A Need for Choice

Bayron Binkley’s proactive approach to the issue of education stems from the notion that top performing school systems are built through involvement, competition, and choice. Families in upper income brackets already have choices, but Binkley believes that all families in Tennessee, regardless of their socioeconomic circumstance, deserve the best education options possible. Utilizing a state-wide voucher system, Tennessee would be equipped to offer families a path to better schools. With a voucher system students would not only have access to a greater selection of schools overall, but they would also have access to schools that offer concentrations in specific areas of study or enhanced tutoring programs. Essentially, vouchers would allow schools and their students to focus on what they do best. An added benefit to the voucher system is that out of competition it would encourage schools to be highly productive. Public education dollars in Tennessee are provided by federal, state, and local governments based on the number students within that system. With a voucher system, schools would be forced to compete for students and, thus, compete for funding. Be they new or existing, public or private, competition brought on by the voucher system would motivate Tennessee schools to excel.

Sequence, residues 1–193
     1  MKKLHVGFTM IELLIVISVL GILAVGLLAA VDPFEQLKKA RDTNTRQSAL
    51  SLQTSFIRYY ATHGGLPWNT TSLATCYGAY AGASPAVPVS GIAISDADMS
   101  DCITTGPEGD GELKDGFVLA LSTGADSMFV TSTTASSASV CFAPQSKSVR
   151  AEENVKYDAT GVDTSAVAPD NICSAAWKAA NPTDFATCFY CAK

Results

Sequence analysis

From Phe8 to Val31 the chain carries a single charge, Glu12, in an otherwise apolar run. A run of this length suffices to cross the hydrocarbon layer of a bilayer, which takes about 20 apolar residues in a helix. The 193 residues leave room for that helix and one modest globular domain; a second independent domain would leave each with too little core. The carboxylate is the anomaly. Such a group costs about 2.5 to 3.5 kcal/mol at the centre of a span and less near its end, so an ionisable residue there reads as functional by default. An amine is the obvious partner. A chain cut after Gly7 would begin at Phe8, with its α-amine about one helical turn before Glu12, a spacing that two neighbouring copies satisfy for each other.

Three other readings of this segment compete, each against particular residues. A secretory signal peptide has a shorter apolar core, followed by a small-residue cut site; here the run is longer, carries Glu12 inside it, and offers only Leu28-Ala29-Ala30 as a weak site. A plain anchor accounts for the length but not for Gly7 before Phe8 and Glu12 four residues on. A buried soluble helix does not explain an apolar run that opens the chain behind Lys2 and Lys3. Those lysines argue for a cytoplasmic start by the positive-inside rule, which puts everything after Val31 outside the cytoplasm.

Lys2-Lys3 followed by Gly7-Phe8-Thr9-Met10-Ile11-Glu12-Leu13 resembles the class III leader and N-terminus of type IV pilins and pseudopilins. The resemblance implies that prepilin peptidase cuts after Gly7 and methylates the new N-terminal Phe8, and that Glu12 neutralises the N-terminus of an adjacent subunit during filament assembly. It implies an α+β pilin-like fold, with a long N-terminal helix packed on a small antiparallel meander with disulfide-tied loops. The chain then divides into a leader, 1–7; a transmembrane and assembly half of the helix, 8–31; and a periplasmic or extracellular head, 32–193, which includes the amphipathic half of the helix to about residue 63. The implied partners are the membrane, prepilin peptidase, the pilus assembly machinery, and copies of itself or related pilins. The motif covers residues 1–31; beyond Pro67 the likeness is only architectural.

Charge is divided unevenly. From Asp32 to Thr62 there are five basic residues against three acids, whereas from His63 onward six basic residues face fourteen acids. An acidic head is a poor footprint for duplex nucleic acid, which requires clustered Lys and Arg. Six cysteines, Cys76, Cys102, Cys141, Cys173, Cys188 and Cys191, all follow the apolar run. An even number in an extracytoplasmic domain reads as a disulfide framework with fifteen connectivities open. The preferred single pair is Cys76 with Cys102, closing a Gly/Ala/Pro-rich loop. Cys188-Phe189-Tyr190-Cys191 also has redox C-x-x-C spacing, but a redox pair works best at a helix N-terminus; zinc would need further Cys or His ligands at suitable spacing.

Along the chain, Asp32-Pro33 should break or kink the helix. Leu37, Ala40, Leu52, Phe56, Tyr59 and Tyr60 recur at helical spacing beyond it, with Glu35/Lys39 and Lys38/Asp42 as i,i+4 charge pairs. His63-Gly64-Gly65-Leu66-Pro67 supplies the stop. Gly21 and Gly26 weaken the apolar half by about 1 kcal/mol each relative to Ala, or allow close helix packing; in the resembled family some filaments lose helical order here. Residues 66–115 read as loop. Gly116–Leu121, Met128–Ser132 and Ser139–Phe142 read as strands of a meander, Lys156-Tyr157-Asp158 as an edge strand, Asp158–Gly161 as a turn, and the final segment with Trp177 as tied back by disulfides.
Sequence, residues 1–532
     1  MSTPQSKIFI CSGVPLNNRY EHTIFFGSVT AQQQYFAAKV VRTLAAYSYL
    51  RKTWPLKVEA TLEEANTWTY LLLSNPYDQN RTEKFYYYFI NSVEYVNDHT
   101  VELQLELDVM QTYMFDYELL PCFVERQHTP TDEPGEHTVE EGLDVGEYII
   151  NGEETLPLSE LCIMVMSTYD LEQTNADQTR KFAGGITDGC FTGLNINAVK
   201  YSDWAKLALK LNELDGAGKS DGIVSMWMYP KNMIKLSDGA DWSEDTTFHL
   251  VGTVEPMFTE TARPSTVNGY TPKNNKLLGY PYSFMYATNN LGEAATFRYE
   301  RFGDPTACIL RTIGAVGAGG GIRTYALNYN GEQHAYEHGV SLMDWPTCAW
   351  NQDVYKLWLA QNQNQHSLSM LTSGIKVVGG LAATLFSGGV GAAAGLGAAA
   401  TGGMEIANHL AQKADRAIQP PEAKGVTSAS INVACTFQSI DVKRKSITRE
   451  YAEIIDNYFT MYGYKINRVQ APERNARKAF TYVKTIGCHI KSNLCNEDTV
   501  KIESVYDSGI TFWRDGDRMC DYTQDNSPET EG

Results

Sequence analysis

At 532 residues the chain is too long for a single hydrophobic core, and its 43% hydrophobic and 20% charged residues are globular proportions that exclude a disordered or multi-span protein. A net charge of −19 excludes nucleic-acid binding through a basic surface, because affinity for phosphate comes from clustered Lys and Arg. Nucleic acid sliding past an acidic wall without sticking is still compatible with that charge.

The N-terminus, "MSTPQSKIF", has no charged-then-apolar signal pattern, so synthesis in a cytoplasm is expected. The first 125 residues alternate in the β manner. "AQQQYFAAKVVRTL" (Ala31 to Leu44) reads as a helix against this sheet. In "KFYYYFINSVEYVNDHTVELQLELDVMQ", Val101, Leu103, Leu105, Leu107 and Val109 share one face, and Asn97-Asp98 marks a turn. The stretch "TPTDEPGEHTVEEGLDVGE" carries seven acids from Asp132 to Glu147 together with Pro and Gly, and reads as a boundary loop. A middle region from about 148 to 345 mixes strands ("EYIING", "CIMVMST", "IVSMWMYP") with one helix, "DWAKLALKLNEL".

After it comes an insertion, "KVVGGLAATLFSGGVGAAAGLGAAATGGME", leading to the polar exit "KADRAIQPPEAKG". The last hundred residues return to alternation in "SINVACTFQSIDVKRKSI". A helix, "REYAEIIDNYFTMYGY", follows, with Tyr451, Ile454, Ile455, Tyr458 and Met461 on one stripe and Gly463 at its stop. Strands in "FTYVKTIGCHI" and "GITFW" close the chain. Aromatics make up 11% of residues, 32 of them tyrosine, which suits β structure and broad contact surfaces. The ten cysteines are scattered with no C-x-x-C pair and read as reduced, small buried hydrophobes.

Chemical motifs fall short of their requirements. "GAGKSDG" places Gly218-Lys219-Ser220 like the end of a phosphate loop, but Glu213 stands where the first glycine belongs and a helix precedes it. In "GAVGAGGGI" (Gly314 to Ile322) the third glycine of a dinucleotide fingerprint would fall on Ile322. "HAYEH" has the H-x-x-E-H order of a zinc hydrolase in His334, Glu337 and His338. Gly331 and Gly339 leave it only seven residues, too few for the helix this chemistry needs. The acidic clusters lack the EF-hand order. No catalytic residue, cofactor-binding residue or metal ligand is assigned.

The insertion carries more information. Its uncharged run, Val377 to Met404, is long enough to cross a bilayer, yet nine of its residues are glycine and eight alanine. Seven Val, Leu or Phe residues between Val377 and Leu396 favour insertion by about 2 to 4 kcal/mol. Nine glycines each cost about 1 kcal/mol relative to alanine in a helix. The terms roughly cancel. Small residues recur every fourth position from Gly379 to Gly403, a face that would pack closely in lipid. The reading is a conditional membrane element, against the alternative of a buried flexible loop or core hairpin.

The great thing about implementing a voucher system in Tennessee is that much of the infrastructure already exists. Determining voucher eligibility would be as simple as processing FAFSA applications; something we already do for Hope Scholarship awards. As with other federal aid programs like free lunch, vouchers would be calculated based on the fiscal need of each family. Wealthy families, like those who already have children enrolled in private schools, would probably not qualify for voucher assistance. Middle income families might qualify for some assistance, while lower income families would be entitled to the full annual voucher amount. For example, let’s say that the full annual voucher amount is $9200.00 per student. Families that qualify could use that $9200.00 voucher to enroll their child in the private or charter school of their choice where tuition costs are equal to or less than their voucher amount.

What Happens to the Public Schools